So contextualization has to start with understanding what the Gospel meant. This isn’t easy work, and to honestly engage these questions we have to be willing to reevaluate anything based on where the text leads us. How can we bring the good news to today if we don’t even understand what the good news was, or we’re spending more time clinging to our notion of the good news? When we start with what Scripture said in its context we let the Gospel retain its biblical flavor, and ultimately its truth retains its real power. When we approach questions such as genocide in the OT in their historical context, we see the text not portraying an evil genocidal God, but a Holy God and ultimately a moral and gracious God. But if we divorce the events from the text, it’s very easy to lose this focus. It’s really unfair to the text, because we say “this happened, how could God ever do such a thing” without letting the text give its answer. This also means that if we are to retain the Gospel’s flavor in its context, we have to take care in what we emphasize. If we find ourselves preaching more about hell and judgment than the offer of salvation and life I think we’ve already lost the discussion.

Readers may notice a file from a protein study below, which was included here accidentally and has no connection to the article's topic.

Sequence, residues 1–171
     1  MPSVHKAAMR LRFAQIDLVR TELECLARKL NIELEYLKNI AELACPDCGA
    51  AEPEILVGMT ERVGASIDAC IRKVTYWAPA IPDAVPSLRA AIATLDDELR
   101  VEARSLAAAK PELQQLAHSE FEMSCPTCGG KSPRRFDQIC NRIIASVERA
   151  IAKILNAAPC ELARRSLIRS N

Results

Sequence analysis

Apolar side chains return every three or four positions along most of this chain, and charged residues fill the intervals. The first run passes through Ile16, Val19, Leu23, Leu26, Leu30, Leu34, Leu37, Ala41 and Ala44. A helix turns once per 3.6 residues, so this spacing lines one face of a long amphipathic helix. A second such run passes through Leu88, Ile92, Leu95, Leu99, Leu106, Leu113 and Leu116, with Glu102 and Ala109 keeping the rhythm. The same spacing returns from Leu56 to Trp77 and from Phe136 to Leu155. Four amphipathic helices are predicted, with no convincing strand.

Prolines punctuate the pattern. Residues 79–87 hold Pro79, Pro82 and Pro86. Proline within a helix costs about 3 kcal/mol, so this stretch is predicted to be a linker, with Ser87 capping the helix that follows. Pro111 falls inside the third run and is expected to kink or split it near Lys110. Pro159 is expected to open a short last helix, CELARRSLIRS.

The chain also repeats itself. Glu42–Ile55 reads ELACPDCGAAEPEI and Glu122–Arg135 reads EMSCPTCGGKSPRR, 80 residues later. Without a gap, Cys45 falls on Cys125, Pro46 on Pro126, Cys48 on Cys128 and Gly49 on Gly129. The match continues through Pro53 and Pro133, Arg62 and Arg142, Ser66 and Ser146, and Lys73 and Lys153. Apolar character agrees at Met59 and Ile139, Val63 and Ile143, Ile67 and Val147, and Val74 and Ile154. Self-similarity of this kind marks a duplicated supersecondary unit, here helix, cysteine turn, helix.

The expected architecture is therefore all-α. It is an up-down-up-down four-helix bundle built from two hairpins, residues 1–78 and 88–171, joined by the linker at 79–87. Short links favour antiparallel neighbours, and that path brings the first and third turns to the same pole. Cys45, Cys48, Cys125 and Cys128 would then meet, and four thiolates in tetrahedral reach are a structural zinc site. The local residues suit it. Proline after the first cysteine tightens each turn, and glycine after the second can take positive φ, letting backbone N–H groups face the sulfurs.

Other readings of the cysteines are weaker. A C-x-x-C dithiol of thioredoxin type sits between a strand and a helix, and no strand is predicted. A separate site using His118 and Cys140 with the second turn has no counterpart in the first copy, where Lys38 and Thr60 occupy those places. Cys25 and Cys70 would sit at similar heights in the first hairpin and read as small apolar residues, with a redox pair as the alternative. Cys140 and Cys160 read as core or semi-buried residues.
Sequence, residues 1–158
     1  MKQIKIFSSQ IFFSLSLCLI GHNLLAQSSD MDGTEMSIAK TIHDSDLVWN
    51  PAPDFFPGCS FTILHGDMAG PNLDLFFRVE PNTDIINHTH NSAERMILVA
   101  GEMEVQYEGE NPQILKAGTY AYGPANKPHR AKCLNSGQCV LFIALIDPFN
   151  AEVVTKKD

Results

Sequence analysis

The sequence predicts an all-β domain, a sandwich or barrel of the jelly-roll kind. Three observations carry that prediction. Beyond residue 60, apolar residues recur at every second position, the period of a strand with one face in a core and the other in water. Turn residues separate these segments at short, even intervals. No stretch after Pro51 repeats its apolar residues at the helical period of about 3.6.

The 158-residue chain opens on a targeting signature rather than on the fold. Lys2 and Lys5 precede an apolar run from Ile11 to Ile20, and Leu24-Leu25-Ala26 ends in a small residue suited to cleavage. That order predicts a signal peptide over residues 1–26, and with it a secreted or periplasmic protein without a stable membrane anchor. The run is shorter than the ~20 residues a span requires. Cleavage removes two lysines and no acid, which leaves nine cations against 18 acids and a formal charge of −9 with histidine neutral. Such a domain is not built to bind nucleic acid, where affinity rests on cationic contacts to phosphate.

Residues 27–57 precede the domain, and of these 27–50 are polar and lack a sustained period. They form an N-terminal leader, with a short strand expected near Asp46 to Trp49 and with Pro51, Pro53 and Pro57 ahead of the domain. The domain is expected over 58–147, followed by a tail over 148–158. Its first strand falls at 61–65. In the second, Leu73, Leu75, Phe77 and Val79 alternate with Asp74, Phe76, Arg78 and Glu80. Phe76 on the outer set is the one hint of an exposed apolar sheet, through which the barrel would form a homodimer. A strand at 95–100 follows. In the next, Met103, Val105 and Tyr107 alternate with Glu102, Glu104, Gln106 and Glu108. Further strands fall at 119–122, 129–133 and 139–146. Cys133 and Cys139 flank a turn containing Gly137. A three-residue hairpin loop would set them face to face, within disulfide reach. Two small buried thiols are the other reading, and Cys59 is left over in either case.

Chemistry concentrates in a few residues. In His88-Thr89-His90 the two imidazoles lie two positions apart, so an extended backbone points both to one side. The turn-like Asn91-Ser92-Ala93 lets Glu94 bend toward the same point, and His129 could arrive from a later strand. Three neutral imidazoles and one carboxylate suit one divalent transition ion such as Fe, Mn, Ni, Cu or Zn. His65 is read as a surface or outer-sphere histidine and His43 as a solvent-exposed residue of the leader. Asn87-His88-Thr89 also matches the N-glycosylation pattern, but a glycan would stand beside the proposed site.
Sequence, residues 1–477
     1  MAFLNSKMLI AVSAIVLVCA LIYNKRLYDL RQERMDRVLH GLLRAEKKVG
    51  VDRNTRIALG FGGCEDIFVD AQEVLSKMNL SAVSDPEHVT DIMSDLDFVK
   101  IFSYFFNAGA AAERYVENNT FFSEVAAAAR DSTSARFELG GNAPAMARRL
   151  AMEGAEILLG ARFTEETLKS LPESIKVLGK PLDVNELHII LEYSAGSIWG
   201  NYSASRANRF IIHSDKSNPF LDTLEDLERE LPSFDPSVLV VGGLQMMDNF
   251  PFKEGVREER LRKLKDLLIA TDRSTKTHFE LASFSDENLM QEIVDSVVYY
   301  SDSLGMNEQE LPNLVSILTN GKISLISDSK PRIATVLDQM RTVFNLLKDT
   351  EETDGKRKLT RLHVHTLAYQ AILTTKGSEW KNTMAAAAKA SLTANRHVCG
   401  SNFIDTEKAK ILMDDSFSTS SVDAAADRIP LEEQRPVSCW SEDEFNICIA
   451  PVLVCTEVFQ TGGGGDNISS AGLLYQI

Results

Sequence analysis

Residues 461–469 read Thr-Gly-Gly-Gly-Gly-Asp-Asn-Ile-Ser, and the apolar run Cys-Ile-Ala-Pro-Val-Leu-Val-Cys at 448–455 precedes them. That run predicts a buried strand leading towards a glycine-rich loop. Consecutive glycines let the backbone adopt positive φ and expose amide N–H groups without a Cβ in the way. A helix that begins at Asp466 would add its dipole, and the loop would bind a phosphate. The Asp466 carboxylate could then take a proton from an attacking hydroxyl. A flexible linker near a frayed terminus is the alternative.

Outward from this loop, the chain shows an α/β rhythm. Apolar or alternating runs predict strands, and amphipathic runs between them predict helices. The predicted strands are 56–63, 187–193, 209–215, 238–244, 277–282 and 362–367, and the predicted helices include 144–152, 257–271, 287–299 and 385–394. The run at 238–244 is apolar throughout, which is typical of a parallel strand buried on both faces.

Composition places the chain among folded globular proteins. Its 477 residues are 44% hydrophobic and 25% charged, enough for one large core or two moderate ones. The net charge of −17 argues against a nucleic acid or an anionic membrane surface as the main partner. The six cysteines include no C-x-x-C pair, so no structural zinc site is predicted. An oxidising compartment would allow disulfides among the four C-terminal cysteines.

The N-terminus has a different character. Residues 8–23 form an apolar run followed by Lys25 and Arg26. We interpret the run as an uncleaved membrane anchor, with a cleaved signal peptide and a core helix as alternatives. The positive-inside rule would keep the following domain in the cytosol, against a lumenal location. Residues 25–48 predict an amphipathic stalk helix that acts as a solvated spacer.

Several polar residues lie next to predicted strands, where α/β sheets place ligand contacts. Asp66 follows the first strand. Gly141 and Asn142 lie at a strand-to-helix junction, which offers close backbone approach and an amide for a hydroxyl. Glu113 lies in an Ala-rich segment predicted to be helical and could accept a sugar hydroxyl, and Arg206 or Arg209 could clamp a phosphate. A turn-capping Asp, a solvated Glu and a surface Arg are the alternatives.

But taking these tough questions and arriving at a clearly understanding of what Scripture teaches isn’t enough. Contextualization means taking this truth and bridging it to our culture. In some ways I think this is even harder, because it doesn’t just mean we pick up a book and study, but it means we’re actively engaged with the world around us. We’re reading the same books others are reading, we’re watching the same media they are watching, we’re engaged in the same discussions, actively listening to their points of view and not jumping down their throats to rip apart their argument (as tempting as it might be!) It’s not just connection but it's a deep level of discernment, humility, love, and grace that actively pursues a better understanding of where people are at. We can’t really speak the truth of the Gospel into a world and culture we know very little about, or people who we have very little connection with. We have to really understand what’s going on. If our answer to the question of hell is a list of theological conclusions alongside a few Bible verses, we’ve failed to connect this to people’s lives. We’ve failed to discern why these questions are being asked, we’ve failed to bridge the world views at play. This is why the status quo doesn’t work.